5 Tips for Playing a Villain Smarter Than You

 It's all part of the plan, right?

It's all part of the plan, right?

The criminal mastermind is an iconic villain. They’ve planned for every contingency. They’ve mapped out every route. Every step you’ve taken has been planned by them. How do you play as someone that much smarter than you?

1.      Provide Motivation

  My day? It's been pretty good. Just bought a pony made of diamonds, because I'm rich. So, you know. That's cool. Kay, bye."

My day? It's been pretty good. Just bought a pony made of diamonds, because I'm rich. So, you know. That's cool. Kay, bye."

Great villains have a motivation. They’re not evil for the sake of being evil. Your mastermind should have a purpose that they’re trying to achieve. If the heroes were not involved, what would the mastermind be doing? Providing a motivation lends weight to the villain’s plans, and helps them make more sense. If their plan seems possible, they instantly have more importance than a generic cult of destruction.

“This ritual will destroy the world!” is a poor motivation. It doesn’t tell us why the world should be destroyed. What does the villain gain from it?

“This ritual will destroy the world. I will become a god, and I’ll create a better one in my image!” This is better! The villain wants to create a new world. They want to become a god and actually do something with that power. Create. And the fact that the villain wants to destroy the current world likely means they see something inherently wrong with it. 

2.      Do “Smart” Things

 “since you’re in jail and can’t do anything else, fancy another game?”

“since you’re in jail and can’t do anything else, fancy another game?”

For some reason, we’ve decided that smart people play chess. Showing your villain playing chess will somehow instantly signal to the players that they are smart. We have movies to blame for this.

Movies only have a limited amount of screen time to convey the story and themes. They use shorthand to show things without having to waste time stating “This guy is really smart!”

Show things that are traditionally smart. Play chess, the piano, or make art. Give them diplomas and awards. If it’s a fantasy setting, they probably know how to cast spells.

3.      Reflavor

 “I’m basically a superhero”

“I’m basically a superhero”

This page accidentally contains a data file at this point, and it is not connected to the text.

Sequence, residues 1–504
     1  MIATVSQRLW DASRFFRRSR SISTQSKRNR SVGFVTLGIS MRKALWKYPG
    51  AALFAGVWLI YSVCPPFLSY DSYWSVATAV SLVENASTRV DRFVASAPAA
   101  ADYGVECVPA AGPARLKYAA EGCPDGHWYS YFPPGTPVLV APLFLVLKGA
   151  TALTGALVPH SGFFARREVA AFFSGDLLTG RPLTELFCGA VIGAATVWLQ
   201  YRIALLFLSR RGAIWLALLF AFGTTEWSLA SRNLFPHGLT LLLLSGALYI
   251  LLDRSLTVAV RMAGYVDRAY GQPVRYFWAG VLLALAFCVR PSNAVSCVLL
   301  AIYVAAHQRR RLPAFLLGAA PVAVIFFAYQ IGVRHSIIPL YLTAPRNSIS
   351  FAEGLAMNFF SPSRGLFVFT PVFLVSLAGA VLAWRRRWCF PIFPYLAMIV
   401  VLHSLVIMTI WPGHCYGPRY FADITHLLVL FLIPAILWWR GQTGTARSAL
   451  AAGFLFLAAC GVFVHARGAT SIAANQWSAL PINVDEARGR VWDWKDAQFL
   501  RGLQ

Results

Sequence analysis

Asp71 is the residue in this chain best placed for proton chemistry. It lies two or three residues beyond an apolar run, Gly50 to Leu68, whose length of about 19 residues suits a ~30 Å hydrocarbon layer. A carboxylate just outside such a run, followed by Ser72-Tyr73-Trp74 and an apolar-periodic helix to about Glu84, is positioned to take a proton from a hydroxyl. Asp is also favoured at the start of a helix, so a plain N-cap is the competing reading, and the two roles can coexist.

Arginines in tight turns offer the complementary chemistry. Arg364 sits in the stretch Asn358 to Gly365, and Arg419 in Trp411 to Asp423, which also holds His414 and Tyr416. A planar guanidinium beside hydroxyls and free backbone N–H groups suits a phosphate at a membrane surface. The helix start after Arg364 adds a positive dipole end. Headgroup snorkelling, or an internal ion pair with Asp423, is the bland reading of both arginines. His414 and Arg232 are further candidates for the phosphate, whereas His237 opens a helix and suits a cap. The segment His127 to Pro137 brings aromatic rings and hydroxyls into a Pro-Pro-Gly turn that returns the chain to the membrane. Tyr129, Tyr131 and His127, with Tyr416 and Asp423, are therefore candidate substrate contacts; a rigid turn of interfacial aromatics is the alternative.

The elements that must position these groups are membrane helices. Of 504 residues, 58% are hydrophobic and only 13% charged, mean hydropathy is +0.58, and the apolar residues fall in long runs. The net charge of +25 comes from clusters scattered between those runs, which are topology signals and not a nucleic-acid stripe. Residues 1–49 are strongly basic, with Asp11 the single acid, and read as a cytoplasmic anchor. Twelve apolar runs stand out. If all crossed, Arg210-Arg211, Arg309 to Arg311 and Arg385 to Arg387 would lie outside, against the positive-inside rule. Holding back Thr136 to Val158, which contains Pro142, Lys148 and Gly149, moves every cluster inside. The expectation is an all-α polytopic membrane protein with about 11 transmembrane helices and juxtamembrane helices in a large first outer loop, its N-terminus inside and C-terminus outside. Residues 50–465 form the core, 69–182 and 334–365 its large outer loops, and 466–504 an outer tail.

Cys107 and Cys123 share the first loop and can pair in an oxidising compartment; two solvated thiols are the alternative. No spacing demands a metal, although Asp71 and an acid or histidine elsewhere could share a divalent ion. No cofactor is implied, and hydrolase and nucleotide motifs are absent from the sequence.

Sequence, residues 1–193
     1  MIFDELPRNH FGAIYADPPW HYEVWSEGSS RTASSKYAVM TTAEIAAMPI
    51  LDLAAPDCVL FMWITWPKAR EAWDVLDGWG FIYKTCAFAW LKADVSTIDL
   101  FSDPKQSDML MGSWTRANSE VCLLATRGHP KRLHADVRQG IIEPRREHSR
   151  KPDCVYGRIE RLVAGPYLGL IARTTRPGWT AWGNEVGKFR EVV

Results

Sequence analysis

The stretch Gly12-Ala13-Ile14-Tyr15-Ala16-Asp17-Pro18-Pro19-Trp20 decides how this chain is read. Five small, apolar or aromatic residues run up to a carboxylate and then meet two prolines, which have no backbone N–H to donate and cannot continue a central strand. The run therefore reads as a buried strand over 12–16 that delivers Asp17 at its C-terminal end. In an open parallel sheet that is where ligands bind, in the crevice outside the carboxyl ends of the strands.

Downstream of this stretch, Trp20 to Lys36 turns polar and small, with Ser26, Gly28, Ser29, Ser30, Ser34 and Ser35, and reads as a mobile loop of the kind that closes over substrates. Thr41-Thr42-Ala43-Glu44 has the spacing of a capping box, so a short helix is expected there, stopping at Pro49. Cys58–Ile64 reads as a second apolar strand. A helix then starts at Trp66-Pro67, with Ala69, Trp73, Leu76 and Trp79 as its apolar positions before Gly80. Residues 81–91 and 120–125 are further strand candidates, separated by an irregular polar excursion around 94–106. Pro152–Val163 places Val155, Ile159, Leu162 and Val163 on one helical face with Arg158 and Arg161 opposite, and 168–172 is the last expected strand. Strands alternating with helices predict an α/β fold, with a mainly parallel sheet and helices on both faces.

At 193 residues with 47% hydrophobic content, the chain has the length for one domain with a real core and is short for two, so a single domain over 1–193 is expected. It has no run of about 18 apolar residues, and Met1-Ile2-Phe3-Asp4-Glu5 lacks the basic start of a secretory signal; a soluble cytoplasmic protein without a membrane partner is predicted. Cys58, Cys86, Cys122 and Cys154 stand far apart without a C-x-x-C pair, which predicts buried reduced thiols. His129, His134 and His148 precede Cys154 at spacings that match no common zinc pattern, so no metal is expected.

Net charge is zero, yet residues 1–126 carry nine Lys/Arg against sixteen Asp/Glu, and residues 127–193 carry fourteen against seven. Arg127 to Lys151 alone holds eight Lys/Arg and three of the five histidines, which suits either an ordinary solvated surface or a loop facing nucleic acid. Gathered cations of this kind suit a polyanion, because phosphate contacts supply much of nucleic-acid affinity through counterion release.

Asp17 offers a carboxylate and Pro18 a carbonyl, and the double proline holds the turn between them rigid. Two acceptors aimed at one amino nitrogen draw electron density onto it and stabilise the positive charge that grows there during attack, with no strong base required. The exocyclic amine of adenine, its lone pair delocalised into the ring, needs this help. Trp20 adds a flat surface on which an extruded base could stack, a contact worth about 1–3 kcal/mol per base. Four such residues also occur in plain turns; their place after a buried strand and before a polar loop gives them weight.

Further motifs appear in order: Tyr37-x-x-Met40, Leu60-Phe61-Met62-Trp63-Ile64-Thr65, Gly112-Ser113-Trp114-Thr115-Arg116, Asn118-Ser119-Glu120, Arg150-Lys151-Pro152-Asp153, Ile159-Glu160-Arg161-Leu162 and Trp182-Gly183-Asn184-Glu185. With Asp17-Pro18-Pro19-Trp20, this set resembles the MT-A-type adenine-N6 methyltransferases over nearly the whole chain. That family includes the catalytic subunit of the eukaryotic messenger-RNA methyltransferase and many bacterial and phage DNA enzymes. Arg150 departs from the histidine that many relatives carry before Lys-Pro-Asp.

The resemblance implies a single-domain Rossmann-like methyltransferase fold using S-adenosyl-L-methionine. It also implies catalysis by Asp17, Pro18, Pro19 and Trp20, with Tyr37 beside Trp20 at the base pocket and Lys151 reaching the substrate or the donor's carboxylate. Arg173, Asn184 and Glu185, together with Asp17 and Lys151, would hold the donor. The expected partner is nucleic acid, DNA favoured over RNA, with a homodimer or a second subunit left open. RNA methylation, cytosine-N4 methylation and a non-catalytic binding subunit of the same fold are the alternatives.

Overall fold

D&D has a number of divination spells. Give these to a genius, and make them natural abilities. You’ve now got a villain who can see the future (plans very well) and spy on the heroes (knows which actions they’ll take). Heck, you can just make the villain a wizard!

Give the villain abilities that grant rerolls, second chances, and damage avoidance. Reflavor them all as a byproduct of their intelligence, and now you’ve got a mastermind backed up by mechanics.

4.      Cheat

 we specifically have a game master. Of course we cheat.

we specifically have a game master. Of course we cheat.

Bad guys cheat. It’s one of the things that makes them bad. But when you take a mastermind’s plot and put it under the microscope, you realize that it’s not so brilliant.

Cracked has pointed this out before, but some schemes by a ‘brilliant’ villain leave too much to chance, or just don’t work. But you don’t think about that while watching the movie. It just looks like part of the plan.

You are not going to outsmart all of your players. Number-wise, there’s more of them than you. So the best thing you can do is cheat.

You don’t have to make an entire villainous plot by yourself, and hope it works. You can improvise parts of it based on player actions. Let the players succeed, and then afterwards find out how it fits into the villain’s plan.

The trick is to not go overboard, and only do it selectively. If you counter every single step the players make, they’ll feel frustrated. Remember that the purpose is to make the villain seem brilliant, not to beat the players.

 

5.      Always Have an Escape Plan

 Please step to your left so my impeccably timed train can hit you, Mr. Bond

Please step to your left so my impeccably timed train can hit you, Mr. Bond

A mastermind always has an escape planned. Secret escape tunnel, teleporter, hostages, the mastermind has it all.

A mastermind works best as a long-term villain, and unless getting captured is part of the plan (it sometimes is), you want them to keep pestering the heroes. Have them stay one step ahead of the heroes, always just out of reach until the final confrontation.

Plan your method of escape carefully, because players generally hate to let a villain get away. They will expend a lot of resources to make it happen, so be careful.

 

These are 5 tips that you can use to roleplay a criminal mastermind. What are some tricks that you use when running an incredibly smart person? Let me know!